I have been thinking about ephemeral beauty and how we cling to form like raindrops to branches. Our lives, individual only for a millisecond in the great cosmos of time. One shimmering spark holding onto a momentary existence, and yet the soul sings an eternal symphony. We are born through the woven membrane of light. Released into density for a moment, we cling to existence to become defined by matter.

At night, my dreams show me the clutter of the brain and how it folds memories of lack and doubt until darkness lets them loose to run amok. Our minds form impossible fantasies and horrors we think could never be real until we open our eyes and see the world we have created.

As I released to slumber last night, Badger threw open the veil to stare me in the face. Fearless digger, unearthing what I may try to hide, Badger gave way to Owl before I was flung into the shadowland. It’s almost funny how we tumble restless to the surrender. Revisiting old haunts we thought we had exorcised in the landscape of dreams. Least we think we are watching reruns, familiar specters morph into new forms and find another curtain to tug open.

How exhausting it can be to tumble backwards when life holds you for a mere millisecond, urging you only to let go.

Yesterday, I walked into the woods nearby our home with my family and our two dogs. Zelda led the way, choosing a trail we had never taken together. Only Rosy, myself and Daisy, who passed more than five years ago, had ventured down it before.

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Rosy trailing the pack just ahead of me. Zelda, somewhere up ahead with Alex.

The day was over-cast and windy. The clouds, eager to rain, darkened the trail littered with last year’s leaves. While we walked, I took in what the forest reveals before growth unfurls. There were more fallen trees than I cared to count, their bare trunks leaning on their neighbors. Others were already splintering into decay in their final resting places on their forest bed. Beach leaves lightened the ground, bleached  by winter to the color of sand. They lent a light to the forest that was absent from above.

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You can just make out Zelda here, between Ava and Alex.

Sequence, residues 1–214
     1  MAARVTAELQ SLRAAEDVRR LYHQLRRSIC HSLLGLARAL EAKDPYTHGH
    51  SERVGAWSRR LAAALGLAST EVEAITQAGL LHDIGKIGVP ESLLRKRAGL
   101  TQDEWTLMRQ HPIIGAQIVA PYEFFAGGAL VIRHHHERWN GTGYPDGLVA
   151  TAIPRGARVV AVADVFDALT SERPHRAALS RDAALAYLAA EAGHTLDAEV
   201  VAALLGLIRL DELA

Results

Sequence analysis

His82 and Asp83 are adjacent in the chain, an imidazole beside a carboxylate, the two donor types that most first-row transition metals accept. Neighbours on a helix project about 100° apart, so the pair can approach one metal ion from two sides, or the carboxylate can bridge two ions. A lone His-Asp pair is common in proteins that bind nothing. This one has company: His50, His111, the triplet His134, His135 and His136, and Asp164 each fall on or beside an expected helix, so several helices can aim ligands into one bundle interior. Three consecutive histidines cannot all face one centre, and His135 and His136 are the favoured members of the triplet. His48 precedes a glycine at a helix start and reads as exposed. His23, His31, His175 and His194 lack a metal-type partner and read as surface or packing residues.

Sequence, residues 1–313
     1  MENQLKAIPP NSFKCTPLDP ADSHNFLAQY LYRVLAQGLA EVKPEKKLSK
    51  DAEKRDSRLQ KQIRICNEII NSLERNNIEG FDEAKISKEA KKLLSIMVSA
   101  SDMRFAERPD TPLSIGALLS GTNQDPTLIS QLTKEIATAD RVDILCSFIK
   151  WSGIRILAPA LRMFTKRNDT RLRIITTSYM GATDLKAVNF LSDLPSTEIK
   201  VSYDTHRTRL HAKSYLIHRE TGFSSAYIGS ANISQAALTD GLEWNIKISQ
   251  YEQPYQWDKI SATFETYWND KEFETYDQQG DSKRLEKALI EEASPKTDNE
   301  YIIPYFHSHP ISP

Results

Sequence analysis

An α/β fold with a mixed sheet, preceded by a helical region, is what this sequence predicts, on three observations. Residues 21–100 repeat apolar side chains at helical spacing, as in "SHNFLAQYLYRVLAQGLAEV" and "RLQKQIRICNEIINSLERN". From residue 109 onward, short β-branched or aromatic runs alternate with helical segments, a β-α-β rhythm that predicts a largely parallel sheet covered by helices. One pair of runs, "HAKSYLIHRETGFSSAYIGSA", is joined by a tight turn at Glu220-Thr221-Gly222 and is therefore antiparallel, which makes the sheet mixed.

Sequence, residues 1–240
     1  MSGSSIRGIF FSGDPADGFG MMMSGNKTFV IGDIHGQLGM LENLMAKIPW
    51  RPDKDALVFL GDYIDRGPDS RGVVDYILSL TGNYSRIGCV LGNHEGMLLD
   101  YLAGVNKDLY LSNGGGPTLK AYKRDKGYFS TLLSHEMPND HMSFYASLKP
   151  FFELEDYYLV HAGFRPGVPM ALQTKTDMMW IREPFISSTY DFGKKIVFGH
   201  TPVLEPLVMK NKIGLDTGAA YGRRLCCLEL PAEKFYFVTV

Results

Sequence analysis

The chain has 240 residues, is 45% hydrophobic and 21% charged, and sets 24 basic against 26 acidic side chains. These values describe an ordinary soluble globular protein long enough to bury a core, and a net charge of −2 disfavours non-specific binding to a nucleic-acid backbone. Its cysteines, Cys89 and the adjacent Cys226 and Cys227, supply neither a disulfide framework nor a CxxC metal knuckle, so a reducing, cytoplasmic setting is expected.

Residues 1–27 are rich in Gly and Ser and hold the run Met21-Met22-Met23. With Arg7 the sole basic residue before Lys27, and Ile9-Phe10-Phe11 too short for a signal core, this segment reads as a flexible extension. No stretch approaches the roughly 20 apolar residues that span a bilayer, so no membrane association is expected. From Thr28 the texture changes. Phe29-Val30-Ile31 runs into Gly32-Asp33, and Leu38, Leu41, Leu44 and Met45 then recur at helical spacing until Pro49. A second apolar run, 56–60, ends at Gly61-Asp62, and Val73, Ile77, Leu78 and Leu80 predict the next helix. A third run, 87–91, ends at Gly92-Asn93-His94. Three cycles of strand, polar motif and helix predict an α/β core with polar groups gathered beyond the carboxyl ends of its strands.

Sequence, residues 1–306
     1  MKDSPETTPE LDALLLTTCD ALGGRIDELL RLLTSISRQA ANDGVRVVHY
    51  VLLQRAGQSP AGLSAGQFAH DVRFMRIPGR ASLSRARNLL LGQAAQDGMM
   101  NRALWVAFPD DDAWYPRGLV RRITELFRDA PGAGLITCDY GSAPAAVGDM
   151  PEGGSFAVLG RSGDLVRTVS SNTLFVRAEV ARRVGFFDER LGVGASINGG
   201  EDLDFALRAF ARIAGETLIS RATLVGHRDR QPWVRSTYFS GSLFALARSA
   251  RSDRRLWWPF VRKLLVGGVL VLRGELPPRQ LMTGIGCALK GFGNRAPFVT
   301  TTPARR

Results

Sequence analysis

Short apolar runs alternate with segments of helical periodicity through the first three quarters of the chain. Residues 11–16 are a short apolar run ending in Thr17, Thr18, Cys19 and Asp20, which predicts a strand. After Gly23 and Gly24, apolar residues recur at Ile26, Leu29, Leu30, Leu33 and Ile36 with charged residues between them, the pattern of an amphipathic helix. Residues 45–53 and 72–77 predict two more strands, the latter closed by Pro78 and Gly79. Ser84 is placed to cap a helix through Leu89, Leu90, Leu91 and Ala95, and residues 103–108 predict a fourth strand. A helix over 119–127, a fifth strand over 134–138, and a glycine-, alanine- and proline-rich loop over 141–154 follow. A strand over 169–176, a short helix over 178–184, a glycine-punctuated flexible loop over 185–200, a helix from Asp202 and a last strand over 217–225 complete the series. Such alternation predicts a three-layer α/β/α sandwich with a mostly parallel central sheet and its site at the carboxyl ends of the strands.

As we walked, I found myself wondering about the hand that guides unseen. Perhaps Daisy had urged Zelda’s feet to take us off the beaten path we were used to traveling together. Perhaps not. It doesn’t really matter. What matters was that we were there now, individually and together. Each of us mindful of our own moments.

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Me and Daisy 12/25/14. Less than two months before she passed back into light.

“There goes the camera,” my daughter, ahead of me, caught the sign at the same moment I did. She knew I would linger to take a photo. While I did, I found myself wondering how long the sign had been there. If somehow I had missed it walking the path years ago with Daisy and Rosy.  Who had placed the sign, and when?

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The Namaste Tree that caught my eye.

I don’t remember too much from my jumbled dreams last night. Perhaps it’s because I choose not to. There were travels with familiar people, and those who were not so familiar. There was lots of clutter and the feeling of being pulled into too many directions, through no will but my own. There was the feeling of tending more for other’s wants and need, while neglecting the self. Perhaps it is not so surprising that there is one scene, in particular, that lingers with me.

I am sitting on a bus filled with people, traveling to some forgotten destination. A woman sits beside me. My guide for the night. She looks with intention into my face, then presses her hand to my heart. “I see the beauty of the light that is you,” she tells me. Even though her words are genuine and almost urgent, I’m not sure I believe them. Yet, it’s enough. Enough to weave the darkness back to dawn.